First of all (for me), having the privilege to access resources that no one else had found before. I also met people that taught me what I know now, and that I wouldn't have had the opportunity to meet had I not done a doctorate. I travelled and saw things that would have never been accessible otherwise.
I think, that in spite of all the odds -including a nightmare supervisor- the good outbalanced the bad. I passed my viva with minor corrections and I am very happy of course. But ultimately, what is really important, is all the above, what I learnt and what I have become in the process of doing the PhD. This is going to be part of me for the time being. I think that I am much more able to face challenges now than I was before the PhD.
So, I think that listing all the positive things that we have learnt, done and achieved along the way, may help at times of crisis. Yes, indeed we did it!
I hope I have been sufficiently positive :$
I understand your state of mind. Although I didn't have major corrections, the PhD has been a very difficult journey, and I wonder if a mild depression might also be the cause of our feelings. It is very easy to end up in a spiral of negative thoughts when we don't have the necessary support from the environment/ people we work with.
It is of course important the support of family, friend, etc. but having worked for so long with completely unsupportive supervisors certainly did not help my self-confidence. I got to the end - or so I hope! - as I submitted my corrections last week. Nonetheless, I cannot help but feel completely deflated. I am writing for a publication just now, but I have the same state of mind that I had when I completed the writing up and the corrections for the PhD.
I don't know what will happen next, as someone else said, only time will tell. I can only suggest you to find other activities outside the writing, as you plan to do, to break the circle of corrections= negative thinking (E.g. I found doing Pilates classes very beneficial, for the body and for the mind). Do make an effort to improve your social life, that's also very important. If you surround yourself with positive people, you start to think positive. Equally, take the distance from the negative ones.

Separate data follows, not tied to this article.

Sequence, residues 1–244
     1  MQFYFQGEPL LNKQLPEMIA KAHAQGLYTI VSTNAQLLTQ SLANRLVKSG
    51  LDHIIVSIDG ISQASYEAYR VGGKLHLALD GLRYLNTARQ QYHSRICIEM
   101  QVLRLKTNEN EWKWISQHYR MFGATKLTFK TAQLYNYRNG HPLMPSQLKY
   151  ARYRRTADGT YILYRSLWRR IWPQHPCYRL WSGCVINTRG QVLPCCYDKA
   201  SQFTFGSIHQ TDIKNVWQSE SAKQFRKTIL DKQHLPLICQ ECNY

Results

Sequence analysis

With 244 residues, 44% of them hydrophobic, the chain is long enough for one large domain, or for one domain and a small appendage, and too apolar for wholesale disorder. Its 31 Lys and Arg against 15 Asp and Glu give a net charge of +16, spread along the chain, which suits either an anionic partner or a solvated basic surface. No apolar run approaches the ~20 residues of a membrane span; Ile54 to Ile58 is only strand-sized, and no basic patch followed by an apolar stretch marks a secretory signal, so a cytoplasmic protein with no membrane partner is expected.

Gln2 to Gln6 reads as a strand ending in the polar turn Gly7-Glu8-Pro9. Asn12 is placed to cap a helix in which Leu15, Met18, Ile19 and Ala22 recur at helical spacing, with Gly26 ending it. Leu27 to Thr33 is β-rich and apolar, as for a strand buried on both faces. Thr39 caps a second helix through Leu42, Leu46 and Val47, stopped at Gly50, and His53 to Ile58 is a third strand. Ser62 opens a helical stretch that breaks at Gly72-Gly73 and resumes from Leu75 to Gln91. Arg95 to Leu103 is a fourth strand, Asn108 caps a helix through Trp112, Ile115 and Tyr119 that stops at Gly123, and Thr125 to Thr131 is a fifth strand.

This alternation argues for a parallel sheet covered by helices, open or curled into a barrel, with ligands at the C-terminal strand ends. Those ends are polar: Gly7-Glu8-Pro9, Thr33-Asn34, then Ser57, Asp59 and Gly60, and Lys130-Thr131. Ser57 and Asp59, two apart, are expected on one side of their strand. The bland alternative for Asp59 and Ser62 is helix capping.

In short, take good care of yourself, if you break yourself down, you would nullify all your efforts to date. You are very, very close to completion, and from what you say, you are doing all the right things. You can always come back to the forum for routine injections of positive thinking. I wonder what I would have done without these!
My review of literature is part of the introduction, which is divided in four sections: History; Historiography and Review of Literature; Methodology, Aims and Research Questions; Thesis Outline. I otherwise have very long titles for my chapters, but I am in a different field.
Now I start to be concerned that I won't graduate until next July! But it is true that they are awfully slow. I shamelessly e-mailed Registry and asked if they were going to send any official notice with the outcome of the viva, and the letter materialized the day after. I will use the same trick after I submit the final copy in the hope that it will work!
I can understand your state of mind - on the positive, the clock starts from the date of your letter, so if for any reason you need more time to complete your amendments, this is your safety net. ;-)
However, I am sure that you won't need it. This is your official deadline (tree)!
Hi Ady, If it can be of any relief, I can tell you that I didn't feel this great sense of achievement after I submitted. Actually, I didn't feel that great after the viva either. The whole process of writing up is so stressful - or at least it was for me!- that I found unwinding very difficult.
I have finished with my corrections, nonetheless I will have to wait and see what the internal thinks. It seems a never ending story, although graduation start to be in sight.
It can be very hard when, after so much hard work, you have to go over things again, but you are substantially better off now than you were six months ago. You now know what to do to address any remaining issue (that surely is minor in comparison to writing it all). If you tackle it in small chunks you will be surprised about how quickly you can get things done.
Then, 1 month is really nothing in comparison to the time that you spent working on your project on the whole. It is so much better to spend four weeks to polish it now, rather than having to do it after the viva.
======= Date Modified 17 Aug 2011 20:28:22 =======
Tackling corrections is always daunting, expecially because we are at the end of the summer and we feel that we didn't have a summer really...
I think that you are doing all the right things. You are editing a very long document, and virtually cutting out material that is the length of an MLitt by research, so it will take time.
Working in small chunks is the best approach. I would also suggest not to lose sight of the thesis as a whole as you work along. Do stop every once in a while and look at how the chapters hang together, as some more adjustments may be needed.
If your list of corrections is clear it's indeed matter of tackling one point at the time, if some comments appear generic it may worth to ask for clarification. Are your supervisors or indeed anyone else (e.g. internal examiner) available to check your progress?